Sigma Xi. First established at Gordon College in 2009, Sigma Xi is an international, multidisciplinary research society whose programs and activities promote the health of the scientific enterprise and honor excellence in scientific investigation. Candidates nominated by faculty to join the North Shore Chapter of Sigma Xi (Gordon College, Endicott College and Salem State College) must be graduating seniors with GPA of at least 3.0 pursuing degrees in science or engineering and have shown an aptitude and experience in original and independent research.
Departmental Honors Programs
Gordon College has established honors programs for exceptional majors. To be eligible to graduate with honors, students must maintain a 3.50 GPA in their major with a cumulative GPA of 3.00. General requirements include a research project culminating in a written honors thesis which is presented orally and defended in front of department faculty. See departmental listing for specific details for each major. Honors programs are available for students majoring in: accounting, biology, business administration, chemistry, Christian ministries, combined languages, computer science, economics, English, finance, French, German, history, international affairs, kinesiology, mathematics, physics, political studies, sociology, and Spanish.
The Elijah Project
The Elijah Project is a 12-month (January-December) intensive exploration of the theoretical and practical outworking of the concept of vocation. A cohort of 12-14 students is chosen to participate in two 4-credit seminars exploring theological, biblical, philosophical and historic perspectives on personal calling, work, current problems and opportunities, and decision making. (See NON 310 and NON 312 for course descriptions.) Between spring and fall terms, students are placed in a summer internship designed to help them explore a field of study or question of interest. During the second semester (fall term) students commit to a shared living experience in Dexter House; house fellowship, cultural events and field trips contribute to the development of self-knowledge and community. Prerequisites: GPA of at least 2.75, approval of academic advisor and successful application to the program. Completion of both NON 310 and NON 312 meets both the Human Person and Civic Responsibilities core thematic requirements. For more information contact Laura Carmer, program assistant, or Dr. Gregory Carmer, director.
Jerusalem and Athens Forum
The Jerusalem and Athens Forum is a one-year great books honors program in the history of Christian thought and literature. In a small-seminar setting, students read and discuss classic texts from antiquity to the present, focusing on their implications for present-day living, learning and leadership. Additional activities of the program include retreats to explore questions of personal vocation and intellectual commitment, cultural activities in Boston and the North Shore, a public debate on an issue of pressing moral concern, roundtable discussions with Gordon’s faculty and interaction with prominent guest speakers. Scholarships available. Students must have a 3.0 GPA or higher and sophomore status to begin the program. Offered as two six-credit courses. On completion of both semesters, students may petition through the program director to fulfill up to 12 credits of core requirements, selecting three from the following requirements: HIS 121 Historical Perspectives on Culture, Belief and Civilization , PHI 118 The Examined Life , Core Curriculum Civic Responsibility theme or Human Person theme. Application of credit to a major is at the discretion of individual departments. For further information contact M. Ryan Groff, administrative director of the Center for Faith and Inquiry, or Dr. Thomas Albert Howard, director.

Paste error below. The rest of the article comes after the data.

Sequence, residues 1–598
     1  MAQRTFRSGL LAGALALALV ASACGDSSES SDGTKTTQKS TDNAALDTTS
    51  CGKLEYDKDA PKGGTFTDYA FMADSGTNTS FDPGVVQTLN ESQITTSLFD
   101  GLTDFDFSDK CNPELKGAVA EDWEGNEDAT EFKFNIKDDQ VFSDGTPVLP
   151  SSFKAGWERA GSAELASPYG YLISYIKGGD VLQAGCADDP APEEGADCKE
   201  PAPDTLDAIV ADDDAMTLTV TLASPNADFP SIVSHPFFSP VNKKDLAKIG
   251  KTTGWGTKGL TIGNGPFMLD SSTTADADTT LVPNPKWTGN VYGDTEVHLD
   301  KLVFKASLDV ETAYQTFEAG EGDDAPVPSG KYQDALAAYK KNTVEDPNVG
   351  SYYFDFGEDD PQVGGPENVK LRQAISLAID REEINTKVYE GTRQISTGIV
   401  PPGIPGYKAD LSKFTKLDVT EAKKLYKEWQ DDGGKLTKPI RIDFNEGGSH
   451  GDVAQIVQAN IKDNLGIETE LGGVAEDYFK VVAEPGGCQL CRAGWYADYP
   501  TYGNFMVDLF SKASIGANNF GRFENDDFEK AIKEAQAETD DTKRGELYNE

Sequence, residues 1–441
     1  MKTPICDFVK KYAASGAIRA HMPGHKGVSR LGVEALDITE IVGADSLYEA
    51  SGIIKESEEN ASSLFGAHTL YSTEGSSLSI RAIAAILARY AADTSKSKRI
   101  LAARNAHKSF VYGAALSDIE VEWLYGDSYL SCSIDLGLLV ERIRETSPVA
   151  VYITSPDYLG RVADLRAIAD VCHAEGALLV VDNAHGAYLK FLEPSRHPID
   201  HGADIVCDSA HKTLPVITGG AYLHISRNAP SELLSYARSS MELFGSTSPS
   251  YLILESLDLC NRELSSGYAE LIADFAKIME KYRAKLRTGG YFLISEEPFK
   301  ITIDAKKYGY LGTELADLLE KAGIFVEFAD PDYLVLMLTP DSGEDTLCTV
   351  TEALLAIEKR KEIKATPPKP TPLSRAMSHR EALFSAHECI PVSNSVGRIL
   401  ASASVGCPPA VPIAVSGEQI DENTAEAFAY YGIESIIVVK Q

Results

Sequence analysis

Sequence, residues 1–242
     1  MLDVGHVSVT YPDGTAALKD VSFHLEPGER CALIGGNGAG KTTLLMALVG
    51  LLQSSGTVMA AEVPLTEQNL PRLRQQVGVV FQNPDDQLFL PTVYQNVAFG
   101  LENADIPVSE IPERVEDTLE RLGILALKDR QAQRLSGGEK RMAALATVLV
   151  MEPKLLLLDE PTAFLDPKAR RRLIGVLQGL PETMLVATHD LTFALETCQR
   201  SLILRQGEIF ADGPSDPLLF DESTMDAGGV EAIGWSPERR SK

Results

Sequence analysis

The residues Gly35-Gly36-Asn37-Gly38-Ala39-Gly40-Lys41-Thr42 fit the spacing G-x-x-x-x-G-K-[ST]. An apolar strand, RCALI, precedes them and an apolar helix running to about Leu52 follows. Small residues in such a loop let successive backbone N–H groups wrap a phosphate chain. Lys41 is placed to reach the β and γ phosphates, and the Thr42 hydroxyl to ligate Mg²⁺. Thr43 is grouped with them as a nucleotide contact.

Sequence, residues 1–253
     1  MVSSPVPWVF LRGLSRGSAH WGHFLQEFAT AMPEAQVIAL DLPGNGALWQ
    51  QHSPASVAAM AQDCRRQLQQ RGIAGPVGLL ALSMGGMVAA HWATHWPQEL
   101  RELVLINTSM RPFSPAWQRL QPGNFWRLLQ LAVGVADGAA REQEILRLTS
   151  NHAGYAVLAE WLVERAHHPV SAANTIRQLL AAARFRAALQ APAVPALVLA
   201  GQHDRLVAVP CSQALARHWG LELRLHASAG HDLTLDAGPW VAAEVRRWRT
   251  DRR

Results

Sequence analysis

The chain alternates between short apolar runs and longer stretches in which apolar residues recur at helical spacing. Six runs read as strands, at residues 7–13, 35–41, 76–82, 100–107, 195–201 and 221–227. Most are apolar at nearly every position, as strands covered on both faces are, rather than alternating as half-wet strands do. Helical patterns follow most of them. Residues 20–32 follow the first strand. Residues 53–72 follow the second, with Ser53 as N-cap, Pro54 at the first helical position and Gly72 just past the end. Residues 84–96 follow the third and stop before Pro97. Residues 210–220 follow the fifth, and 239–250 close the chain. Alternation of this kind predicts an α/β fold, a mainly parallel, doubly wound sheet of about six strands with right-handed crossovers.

Pike Honors Program
The Kenneth L. Pike Honors Program is a selective, rigorous program designed to provide exceptional students with a unique opportunity to achieve academic goals not possible under existing Gordon programs.
The program is available by invitation only; students who complete at least one semester at Gordon College with a cumulative grade point average of 3.5 are invited to consider crafting individualized, disciplined and challenging academic experiences, usually interdisciplinary in nature. Applicants devise a draft proposal in consultation with faculty with knowledge of the discipline and/or a Pike Committee representative, meet with the Pike chair, and then submit a program proposal to the Pike Honors Program Committee for review. An approved program will either fulfill an existing major or minor in a unique way, or will be a “contract major or minor” comparable to programs in a recognized or discipline not available at Gordon. Pike contract majors or minors must be approved by both the Pike and Academic Programs Committees of the faculty. Normally at least three semesters must be completed in the program after approval as a scholar.
To remain in the program, the scholar’s cumulative grade point average must not fall below 3.5 for a total of three semesters. No grade may be earned below a C in any course. A student who withdraws from the program or is discontinued may not be reinstated. See www.gordon.edu/pike or contact the Registrar’s Office for details.